Think back to when you first started having financial responsibilities – maybe you started a new job, needed to open a bank account, or maybe you received inheritance that needs to be put into a special bank account. Perhaps you wanted to rent an apartment or buy a house for the first time. How confident were you in this process- really?
Did you have anyone around to guide you, like a parent or friend who can help you make informed financial decisions, How did you know which savings account to go for, and what were your thoughts on interest rates? How did you acquire this knowledge? It could have been from the television, or more likely the internet these days, or maybe you needed to go away and read up on some information.
Lately, financial experts are expressing concerns that our young people across the world are not equipped for adult life because they don’t know or fully understand key financial topics that they need, like the above. Just because we’ve gotten older doesn’t mean all the gaps in our knowledge magically become filled. This becomes dangerous as we often pass on our incomplete knowledge to our kids without realising the damage this can cause them.
There are many aspects of an adult’s life that require core financial literacy skills. This includes learning about mortgages, rates, savings, salary, tax and so on. By understanding these core principles, young people are able to make better financial decisions from the get-go. Indeed it was Einstein that said if you can’t explain a complicated concept to a child then you clearly don’t understand the source material well enough! Unfortunately however young people are leaving education and simply don’t know how to open a bank account, how interest rates work, or what they should expect in terms of salary, national insurance, student loan repayments and tax.
With this gaping knowledge hole, poor financial decisions are made. Young people can fall victim to unreputable companies or advice from pushy sales people. They might even take out credit when it’s not needed and sign on to horrendous APR conditions because they simply don’t know how to manage their money. These issues can quickly spiral out of control; one poor decision leads to another, possibly lasting for decades of that person’s life with significant damage to their credit score and future credit prospects..
New survey data, commissioned for the Financial Times from Ipsos Mori, revealed that young people especially struggle when asked basic financial questions and just don’t have the core knowledge there to make reliable decisions. The survey highlighted a real gap in knowledge around areas like interest rates and inflation. When people were asked in a survey to compare the cost of borrowing on a credit card as well as through a bank overdraft with specific charges, not even half of the people asked got the right answer. There was no understanding of how rates worked and different types of credit. This was regardless of wealth, age, region or gender, highlighting a universal lack of literacy in this area. It appears that commonly these items are not covered in school or education, which means that many adults are not equipped when they go out into the real world and have to start making these tough decisions.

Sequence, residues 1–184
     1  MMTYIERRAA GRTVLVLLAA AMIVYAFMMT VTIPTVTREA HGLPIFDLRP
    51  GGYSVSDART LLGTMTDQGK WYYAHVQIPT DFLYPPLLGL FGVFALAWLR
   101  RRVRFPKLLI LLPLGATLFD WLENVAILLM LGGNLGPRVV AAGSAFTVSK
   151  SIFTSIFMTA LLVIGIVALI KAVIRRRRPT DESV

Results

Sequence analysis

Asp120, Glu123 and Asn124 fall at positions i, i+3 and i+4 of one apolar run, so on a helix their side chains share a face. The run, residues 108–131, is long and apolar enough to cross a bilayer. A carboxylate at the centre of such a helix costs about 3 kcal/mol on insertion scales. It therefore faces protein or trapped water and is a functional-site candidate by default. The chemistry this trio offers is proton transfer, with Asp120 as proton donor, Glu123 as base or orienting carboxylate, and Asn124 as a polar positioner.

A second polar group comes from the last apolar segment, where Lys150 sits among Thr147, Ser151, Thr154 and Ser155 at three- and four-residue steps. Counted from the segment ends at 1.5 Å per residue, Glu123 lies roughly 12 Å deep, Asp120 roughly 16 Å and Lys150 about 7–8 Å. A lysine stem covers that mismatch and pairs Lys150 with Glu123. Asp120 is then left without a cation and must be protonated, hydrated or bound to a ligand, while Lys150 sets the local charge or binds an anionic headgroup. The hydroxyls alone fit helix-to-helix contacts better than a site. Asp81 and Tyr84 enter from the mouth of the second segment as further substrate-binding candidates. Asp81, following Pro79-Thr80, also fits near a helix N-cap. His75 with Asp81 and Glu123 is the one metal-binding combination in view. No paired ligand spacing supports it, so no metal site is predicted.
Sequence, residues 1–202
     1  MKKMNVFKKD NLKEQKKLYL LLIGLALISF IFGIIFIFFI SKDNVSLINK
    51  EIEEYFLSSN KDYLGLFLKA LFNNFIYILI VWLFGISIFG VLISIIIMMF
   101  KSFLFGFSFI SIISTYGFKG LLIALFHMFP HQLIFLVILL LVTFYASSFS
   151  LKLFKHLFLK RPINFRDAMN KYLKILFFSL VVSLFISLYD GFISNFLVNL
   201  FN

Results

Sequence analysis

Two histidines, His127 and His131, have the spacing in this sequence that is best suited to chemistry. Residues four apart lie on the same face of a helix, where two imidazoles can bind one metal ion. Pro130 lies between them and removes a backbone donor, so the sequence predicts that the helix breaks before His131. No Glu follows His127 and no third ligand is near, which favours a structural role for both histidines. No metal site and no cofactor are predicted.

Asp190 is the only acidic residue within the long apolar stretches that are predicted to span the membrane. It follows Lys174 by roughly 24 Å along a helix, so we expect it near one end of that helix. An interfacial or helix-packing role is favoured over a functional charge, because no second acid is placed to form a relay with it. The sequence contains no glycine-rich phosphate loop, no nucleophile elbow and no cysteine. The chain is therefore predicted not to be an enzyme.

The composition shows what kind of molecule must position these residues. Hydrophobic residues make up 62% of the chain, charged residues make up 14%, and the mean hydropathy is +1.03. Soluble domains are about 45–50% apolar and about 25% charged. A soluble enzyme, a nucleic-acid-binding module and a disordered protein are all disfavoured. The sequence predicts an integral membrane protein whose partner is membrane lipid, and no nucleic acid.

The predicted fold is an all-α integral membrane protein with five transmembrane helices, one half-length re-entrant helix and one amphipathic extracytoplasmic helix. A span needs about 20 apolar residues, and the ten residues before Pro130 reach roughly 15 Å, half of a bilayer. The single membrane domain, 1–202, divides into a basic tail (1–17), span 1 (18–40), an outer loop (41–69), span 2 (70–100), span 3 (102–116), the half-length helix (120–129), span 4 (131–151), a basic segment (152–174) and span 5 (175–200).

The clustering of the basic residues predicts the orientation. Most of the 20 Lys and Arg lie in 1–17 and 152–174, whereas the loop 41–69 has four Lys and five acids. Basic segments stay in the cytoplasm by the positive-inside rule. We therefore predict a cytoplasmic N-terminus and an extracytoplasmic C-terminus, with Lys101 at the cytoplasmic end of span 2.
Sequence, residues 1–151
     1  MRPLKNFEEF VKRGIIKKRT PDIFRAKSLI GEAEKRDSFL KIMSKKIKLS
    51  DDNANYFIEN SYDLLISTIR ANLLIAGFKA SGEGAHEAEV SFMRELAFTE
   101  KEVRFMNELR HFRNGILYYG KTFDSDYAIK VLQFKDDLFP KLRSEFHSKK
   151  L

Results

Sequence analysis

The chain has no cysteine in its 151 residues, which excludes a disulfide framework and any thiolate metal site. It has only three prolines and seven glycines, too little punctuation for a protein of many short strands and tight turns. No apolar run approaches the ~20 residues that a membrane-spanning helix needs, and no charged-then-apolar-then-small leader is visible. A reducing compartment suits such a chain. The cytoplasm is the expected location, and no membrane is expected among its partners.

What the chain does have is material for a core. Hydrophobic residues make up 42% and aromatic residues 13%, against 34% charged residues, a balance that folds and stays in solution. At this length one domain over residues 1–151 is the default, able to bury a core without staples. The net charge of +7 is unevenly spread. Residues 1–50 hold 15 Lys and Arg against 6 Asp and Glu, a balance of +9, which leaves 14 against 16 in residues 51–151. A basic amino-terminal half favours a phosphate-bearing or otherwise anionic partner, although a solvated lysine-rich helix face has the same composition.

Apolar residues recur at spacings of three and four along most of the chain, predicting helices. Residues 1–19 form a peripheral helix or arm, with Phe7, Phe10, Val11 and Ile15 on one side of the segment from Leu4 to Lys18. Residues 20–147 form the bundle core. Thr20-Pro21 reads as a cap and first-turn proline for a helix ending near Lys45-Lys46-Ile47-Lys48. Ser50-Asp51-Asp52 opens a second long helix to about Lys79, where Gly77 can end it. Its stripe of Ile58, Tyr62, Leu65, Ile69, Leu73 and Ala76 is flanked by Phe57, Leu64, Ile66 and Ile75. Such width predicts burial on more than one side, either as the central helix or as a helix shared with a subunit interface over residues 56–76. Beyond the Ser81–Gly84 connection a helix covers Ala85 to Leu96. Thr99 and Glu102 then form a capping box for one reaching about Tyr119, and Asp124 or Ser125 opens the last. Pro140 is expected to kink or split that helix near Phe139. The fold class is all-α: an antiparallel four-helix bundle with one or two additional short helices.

These really are key financial skills though, and one that we should encourage our education heads to get into the curriculum in schools around the world. This could start from a young age – younger children can learn through pocket money and adults can have discussions about money around the dining table with children to get them involved and understanding early on in life.
South Africa’s leading credit provider Wonga Online explains there are four key pillars of literacy to focus on – and if your child’s school doesn’t cover these, then the responsibility can start at home: The four main areas are debt, savings, investments and budgeting:
By having a strong, fundamental understanding of all four areas, you can be in a healthier financial position as you navigate through life. You will have the right balance of understanding to have strong financial routes as an individual and as a family unit.
It isn’t just the ability to make better financial decisions that will benefit people who learn financial literacy at school, though. Diane Maxwell, former lead of New Zealand’s state-backed financial capability drive, said: “Improving financial capability can be transformative for individuals and families…People report better sleep, feeling more in control, greater family cohesion, and are more likely to think long term. In that sense it has a powerful upward momentum to it.” Feeling in control of your life and experiencing less stress are both things which young people would really benefit from.
By starting off your adult life on the right foot, with a wide base of core skills completely understood at their fundamental level you are much better prepared throughout your life to make decisions – navigating through your first house sale through to your pension later on in life. Money people like to stay tight-lipped about money to perpetuate knowledge gaps to ‘keep ahead’ and exploit those who aren’t as informed – but this might be our downfall.
By discussing financial options, salaries and investment strategies openly and honestly more frequently these core literacy skills become an intrinsic part of the narrative of growing up, like learning to shave or driving a car.